Wednesday, February 27, 2013


 This is the village where we first discovered the Kente weavers.  They weave the same way and live similar to the way their ancestors did

 The looms where they weave Kente. 

 This young man is a very fast Kente weaver and he is only 11 or 15, depending on the day you ask.

 Here are many Kente weavers.  You can always tell when you see one by the colorful trails of thread.

 Here is a Kente factory.  No mechanization here, everything is done the same way as their ancestors.  In this case it is all under one roof in a nice open aired building.

 The strips of Kente cloth are hung for viewing and possible purchase. 

Some of Kente cloth is sewn together to make larger pieces.  Most of the cloth is about 5" wide by 6' long.  They can be woven longer, up to 30' in length if needed or ordered.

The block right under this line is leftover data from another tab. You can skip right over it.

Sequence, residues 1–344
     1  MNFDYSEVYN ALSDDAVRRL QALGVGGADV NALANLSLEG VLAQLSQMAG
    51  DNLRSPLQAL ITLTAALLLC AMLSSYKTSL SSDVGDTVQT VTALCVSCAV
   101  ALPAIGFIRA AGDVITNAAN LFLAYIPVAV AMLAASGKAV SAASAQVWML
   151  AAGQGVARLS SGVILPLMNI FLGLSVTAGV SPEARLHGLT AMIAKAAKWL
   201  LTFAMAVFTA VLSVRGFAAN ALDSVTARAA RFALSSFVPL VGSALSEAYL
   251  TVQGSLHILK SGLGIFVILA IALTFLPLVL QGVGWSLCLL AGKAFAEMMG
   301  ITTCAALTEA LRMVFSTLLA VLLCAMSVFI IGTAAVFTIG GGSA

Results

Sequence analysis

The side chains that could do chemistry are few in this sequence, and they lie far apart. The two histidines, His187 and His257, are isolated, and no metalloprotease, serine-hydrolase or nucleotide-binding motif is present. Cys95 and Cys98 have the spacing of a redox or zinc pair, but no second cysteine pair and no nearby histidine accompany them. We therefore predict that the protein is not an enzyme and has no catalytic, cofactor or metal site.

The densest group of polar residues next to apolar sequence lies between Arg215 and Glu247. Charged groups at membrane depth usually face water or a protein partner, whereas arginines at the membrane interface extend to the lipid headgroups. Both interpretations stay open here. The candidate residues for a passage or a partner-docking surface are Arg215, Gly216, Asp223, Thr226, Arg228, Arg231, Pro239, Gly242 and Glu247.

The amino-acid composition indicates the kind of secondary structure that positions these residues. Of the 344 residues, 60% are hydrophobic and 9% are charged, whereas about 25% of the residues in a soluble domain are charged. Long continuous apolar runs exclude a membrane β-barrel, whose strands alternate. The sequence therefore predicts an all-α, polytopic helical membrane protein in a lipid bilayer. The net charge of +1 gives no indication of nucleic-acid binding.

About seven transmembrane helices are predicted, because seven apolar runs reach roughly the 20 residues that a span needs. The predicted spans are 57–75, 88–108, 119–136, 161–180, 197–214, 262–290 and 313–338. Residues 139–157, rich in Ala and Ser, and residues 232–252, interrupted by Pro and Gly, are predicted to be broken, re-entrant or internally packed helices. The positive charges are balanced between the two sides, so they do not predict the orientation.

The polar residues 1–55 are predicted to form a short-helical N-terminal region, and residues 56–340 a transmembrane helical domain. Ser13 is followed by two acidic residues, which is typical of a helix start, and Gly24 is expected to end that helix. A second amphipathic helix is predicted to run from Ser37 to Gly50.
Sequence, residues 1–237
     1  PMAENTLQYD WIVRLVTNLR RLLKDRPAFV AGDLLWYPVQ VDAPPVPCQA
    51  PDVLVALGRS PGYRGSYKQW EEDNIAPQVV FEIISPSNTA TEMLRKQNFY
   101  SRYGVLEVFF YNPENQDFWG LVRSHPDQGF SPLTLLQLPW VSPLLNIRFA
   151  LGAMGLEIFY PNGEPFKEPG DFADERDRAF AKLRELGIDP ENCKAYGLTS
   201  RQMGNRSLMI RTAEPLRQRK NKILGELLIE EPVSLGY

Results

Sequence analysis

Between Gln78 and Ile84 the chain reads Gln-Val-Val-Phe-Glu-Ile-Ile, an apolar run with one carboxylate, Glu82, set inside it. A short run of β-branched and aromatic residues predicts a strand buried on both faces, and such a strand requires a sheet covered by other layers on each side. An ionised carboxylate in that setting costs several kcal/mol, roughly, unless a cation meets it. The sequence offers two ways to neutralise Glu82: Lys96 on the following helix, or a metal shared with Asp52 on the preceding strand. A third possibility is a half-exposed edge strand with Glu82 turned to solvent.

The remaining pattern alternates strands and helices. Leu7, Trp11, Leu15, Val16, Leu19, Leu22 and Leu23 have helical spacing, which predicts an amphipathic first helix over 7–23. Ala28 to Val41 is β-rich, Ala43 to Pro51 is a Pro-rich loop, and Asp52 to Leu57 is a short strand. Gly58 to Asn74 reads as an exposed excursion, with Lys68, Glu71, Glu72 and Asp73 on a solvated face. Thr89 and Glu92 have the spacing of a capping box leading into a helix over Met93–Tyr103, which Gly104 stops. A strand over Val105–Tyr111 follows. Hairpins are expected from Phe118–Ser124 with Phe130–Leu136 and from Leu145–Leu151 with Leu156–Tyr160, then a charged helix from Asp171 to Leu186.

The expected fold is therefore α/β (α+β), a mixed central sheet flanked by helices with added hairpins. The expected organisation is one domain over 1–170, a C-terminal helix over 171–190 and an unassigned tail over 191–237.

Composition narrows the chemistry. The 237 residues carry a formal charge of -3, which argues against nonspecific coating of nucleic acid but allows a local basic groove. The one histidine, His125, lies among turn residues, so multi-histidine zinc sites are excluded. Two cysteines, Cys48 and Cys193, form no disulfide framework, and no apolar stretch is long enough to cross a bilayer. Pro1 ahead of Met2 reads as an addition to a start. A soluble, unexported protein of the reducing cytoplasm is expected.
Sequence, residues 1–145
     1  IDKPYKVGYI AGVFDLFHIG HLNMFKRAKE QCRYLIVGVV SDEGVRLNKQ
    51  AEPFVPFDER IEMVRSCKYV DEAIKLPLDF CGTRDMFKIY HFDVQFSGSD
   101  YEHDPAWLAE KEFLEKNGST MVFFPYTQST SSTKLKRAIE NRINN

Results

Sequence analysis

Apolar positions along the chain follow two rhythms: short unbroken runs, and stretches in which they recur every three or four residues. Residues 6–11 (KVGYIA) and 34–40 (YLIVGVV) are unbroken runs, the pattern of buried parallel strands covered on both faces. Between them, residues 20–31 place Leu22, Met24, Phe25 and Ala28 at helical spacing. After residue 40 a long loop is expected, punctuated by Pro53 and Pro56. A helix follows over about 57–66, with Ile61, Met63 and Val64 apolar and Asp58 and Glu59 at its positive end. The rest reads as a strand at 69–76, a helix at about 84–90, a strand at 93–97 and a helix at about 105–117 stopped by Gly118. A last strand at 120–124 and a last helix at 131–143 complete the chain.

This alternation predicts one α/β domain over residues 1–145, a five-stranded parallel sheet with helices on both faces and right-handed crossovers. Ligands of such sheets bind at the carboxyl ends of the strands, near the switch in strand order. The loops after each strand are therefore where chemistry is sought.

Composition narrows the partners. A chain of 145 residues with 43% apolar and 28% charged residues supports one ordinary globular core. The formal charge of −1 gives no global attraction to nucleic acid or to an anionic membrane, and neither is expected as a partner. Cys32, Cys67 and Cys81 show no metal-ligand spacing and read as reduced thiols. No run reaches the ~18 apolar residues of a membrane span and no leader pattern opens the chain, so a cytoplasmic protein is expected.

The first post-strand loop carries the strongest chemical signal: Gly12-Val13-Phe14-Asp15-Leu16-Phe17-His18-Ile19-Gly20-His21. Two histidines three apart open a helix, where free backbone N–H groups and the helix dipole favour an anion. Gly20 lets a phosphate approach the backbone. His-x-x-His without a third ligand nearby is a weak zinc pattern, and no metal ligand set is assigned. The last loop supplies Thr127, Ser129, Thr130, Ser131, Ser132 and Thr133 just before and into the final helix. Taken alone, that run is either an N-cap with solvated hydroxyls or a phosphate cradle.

Sister Lyon being shown how to wear a single strip of Kente.

 Elder Lyon with the weaver of this Kente cloth.  This is one of the first pieces we bought.

 Kente cloth can be used for many purposes.  Sister Lyon wears this one as an accent for her dress.  Most Africans are more that willing to pose for photos as are Justice and David.

 The tie worn by Elder Lyon was made from a Kente cloth woven in this village.  The sweet lady, Mousie, wove this basket for us.

 The Kente cloth can be sewn together to make beautiful dresses.

 These 2 lovely women of Kpong District are wearing their Kente dresses and matching headscarf. 

 This is the way the men wear their Kente robes.  Love the contrast of the man wearing the traditional robes of a chief, while talking on a cell phone.

At the annual Yam Festival in Ho there was a gorgeous array of people wearing Kente.  This man is the regional chief and those around him are all dressed in their finest apparel of Kente.

Legend has it that Kente was first made by 2 Ashanti friends who went hunting in an Asanteman forest.  They found a spider making its web.  The friends stood and watched the spider for 2 days then returned home and implemented what they had seen.  There are many uses for the Kente cloth as has been shown.  We love to hear the rhythmic clicking sounds that emanate when the Kente weavers are working their craft.  We hope you enjoy Kente cloth too.

No comments:

Post a Comment